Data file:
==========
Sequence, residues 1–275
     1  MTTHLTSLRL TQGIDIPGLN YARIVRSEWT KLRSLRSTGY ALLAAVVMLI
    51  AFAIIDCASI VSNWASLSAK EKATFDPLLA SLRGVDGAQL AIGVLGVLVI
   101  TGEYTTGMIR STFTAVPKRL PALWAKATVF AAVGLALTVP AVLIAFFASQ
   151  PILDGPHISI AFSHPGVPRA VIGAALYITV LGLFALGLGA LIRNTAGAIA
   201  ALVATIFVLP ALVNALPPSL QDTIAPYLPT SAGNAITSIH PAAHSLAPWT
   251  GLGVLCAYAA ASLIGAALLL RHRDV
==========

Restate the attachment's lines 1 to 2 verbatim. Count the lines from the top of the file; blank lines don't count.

Sequence, residues 1–275
     1  MTTHLTSLRL TQGIDIPGLN YARIVRSEWT KLRSLRSTGY ALLAAVVMLI